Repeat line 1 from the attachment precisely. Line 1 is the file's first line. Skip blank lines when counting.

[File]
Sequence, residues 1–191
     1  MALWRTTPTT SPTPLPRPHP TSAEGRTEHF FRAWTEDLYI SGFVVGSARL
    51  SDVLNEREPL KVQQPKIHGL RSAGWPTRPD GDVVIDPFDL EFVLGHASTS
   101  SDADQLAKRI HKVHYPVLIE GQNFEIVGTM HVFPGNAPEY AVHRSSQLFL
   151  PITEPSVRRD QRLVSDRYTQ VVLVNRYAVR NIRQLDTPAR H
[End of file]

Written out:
Sequence, residues 1–191